Being a landlord means ensuring your rental property maintains its outstanding condition. To achieve this goal, conducting a walk-through inspection is a must. Landlords who perform routine walk-throughs inspire tenants to carry out their share in maintenance tasks of the rental property.
Oftentimes, rental units experience less damage when there’s a regular walk-through inspection in place, making this a worthwhile procedure to adopt. What’s more, walk-throughs are shown to be advantageous for both the landlord and the tenants.
Here are steps you can apply when doing a proper walkthrough:
Create a Form
The form must contain a list of all the property’s rooms and living/ communal areas to make it easy to jot down notes. Several templates of walk-through forms can be accessed online or you can craft one on your own to ensure that it meets your property’s specific needs.
List each room and divide it into different sections with the following components: door, window, floor, walls, appliances, and furniture. It’s advisable to be detailed when writing down the move-in and move-out conditions of the rental property.
You should also include an estimate of the cleaning fees and repair charges for each damaged item. When all this is done, provide a space for you and the renter to sign. After the walk-through, sign the form, include the date, and give a copy to the renter for reference.
Visit the Property Together
Before the tenant moves into the property, agree on a specific time to do the walk-through inspection together. This is vital to ensure that you’re both aware of the condition of the property before the renter moved in.
While doing the walk-through inspection, you can communicate to the renter the level of cleanliness expected. You can also provide them with examples of damages that result from normal wear and tear and those that occur outside of it to reduce potential conflicts.
All new tenants must participate in a walk-through inspection but they don’t have to attend the walk-through inspection after the tenancy ends since repairs and end-of-tenancy cleaning are already completed at that stage.
Create a Simple Process
Keeping things simple to prevent renters from having second thoughts. If you make the procedure too complicated, it can become overwhelming for them. You want the renter to avoid experiencing anxiety or pressure to keep the rental space exactly as it’s presented.
It’s important to note that no perfect properties exist and tiny scratches here and there are understandable. Opt for a practical walkthrough that finishes around 20 minutes.
Use Images and Videos When Documenting
Having a camera or smartphone helps in your documentation. Start with a general picture of the entire room. Then take close-up shots of pre-existing damages. It’s best if you have a date stamping feature to help reference the date and time the picture was taken. Organize the photos and label them. Don’t forget to store digital backups of everything.
Photos can be your proof during security deposit disputes or damage claims. Without them, it can lead to disputes about whether certain damages are new or had existed before the renter moved in.
Do a DIY Property Inspection Before the Tenants’ Arrival
Since walk-through inspections help to identify pre-existing property damage and assign the repair costs to the right party, they shouldn’t be done superficially.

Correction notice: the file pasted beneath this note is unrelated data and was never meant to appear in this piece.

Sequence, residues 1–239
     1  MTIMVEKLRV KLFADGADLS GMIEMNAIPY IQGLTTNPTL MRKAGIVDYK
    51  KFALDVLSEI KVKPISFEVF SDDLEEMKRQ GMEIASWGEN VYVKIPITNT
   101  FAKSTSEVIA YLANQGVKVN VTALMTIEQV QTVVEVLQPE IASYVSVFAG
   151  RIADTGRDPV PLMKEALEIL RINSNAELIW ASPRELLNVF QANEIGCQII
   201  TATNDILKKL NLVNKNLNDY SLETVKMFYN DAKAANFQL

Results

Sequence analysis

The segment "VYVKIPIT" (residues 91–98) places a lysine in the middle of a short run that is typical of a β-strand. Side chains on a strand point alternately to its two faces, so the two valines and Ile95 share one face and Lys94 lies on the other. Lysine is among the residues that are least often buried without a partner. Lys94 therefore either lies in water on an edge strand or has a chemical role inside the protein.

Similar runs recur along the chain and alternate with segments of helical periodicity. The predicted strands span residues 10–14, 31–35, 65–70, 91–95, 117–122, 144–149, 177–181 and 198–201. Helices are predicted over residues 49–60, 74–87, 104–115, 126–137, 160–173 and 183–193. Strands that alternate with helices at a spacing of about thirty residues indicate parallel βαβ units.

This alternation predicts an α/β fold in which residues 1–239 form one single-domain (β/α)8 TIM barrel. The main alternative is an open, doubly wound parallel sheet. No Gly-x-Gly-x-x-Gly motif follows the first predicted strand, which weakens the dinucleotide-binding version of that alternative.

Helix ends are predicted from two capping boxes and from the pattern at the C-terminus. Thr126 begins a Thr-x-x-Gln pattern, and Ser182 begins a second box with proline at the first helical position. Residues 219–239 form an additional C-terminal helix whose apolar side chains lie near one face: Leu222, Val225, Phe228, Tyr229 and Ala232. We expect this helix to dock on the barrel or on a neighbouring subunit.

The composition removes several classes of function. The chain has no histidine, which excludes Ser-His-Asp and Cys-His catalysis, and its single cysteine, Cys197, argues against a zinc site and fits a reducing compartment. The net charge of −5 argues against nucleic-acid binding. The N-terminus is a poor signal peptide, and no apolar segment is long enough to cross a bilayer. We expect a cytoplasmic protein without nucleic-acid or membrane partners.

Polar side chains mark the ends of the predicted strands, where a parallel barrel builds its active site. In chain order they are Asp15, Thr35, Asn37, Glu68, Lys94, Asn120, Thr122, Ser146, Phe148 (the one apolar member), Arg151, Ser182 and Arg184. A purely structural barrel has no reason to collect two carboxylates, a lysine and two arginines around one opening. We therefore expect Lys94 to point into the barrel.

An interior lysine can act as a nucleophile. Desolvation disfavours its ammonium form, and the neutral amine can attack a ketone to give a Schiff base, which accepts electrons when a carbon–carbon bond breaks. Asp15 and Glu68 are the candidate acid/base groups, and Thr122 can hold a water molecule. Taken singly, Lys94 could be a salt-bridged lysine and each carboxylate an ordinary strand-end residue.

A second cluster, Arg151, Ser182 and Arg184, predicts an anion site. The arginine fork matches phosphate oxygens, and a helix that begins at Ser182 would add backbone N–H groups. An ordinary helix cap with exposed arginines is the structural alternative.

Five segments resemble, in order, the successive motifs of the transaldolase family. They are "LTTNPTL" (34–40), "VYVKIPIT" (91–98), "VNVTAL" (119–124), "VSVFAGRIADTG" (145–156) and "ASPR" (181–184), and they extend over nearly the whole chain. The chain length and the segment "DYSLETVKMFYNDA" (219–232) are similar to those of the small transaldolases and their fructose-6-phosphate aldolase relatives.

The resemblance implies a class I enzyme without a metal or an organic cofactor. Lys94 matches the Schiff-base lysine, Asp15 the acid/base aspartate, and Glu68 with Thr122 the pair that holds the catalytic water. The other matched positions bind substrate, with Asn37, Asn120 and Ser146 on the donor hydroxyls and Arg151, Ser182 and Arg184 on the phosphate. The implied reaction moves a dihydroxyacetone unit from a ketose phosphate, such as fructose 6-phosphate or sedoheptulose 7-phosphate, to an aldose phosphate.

Be detailed when evaluating your property. You can even do prior testing to see if any potential issues come up before a tenant resides in the unit and report a complaint. Doing this extra step cultivates a better landlord-renter relationship.
Switch on all appliances to make sure that all are in excellent working order. Assess the water pressure by flushing the toilets. Test critical home systems, such as the air conditioning and heating units.
Be meticulous when inspecting if the doors and windows close properly. You want to avoid disappointing a new resident. Finally, work on establishing trust and creating a good impression that you take care of your rental property.
Set a Grace Period for the Renter to Check Issues
Designating a period to allow tenants to discover any issues is reasonable. Three days is a good timeframe. Some problems can only be known when a renter occupies the unit.
The upside is you’ll know what damage to take note of when a renter moves out. This is a good practice to implement since certain appliances may appear to be in working order, but upon long-term use, their functionality may deteriorate quickly. Having a follow-up with tenants allows you to note this early on in the tenancy.
Familiarize Yourself with the Landlord-tenant Laws in Your State
A landlord’s entire rental operation must comply with the landlord-tenant laws. This applies to move-in and move-out walk-through inspections.
Landlord-tenant laws are provided to ensure that both landlord and tenants know their rights and responsibilities during a tenancy. For instance, if the damage was caused by renters then the repair costs can be deducted from the renter’s security deposit. However, if property deterioration is a result of normal wear and tear, the cost of updates would fall on the landlord.
It’s also recommended to learn about the property laws in your state to be aware of the maximum limit of security deposits, what deductions are allowed, and how the deposit should be stored by the landlord to avoid disputes with tenants.
Conducting a walk-through inspection can help you protect your rental property and keep it compliant with habitability laws.
If you want to reduce the risks of costly errors and potential lawsuits, it’s advisable to hire a property management company to take care of your rental home. Are you looking for a trusted property manager? If yes, contact Gifford Properties and Management today!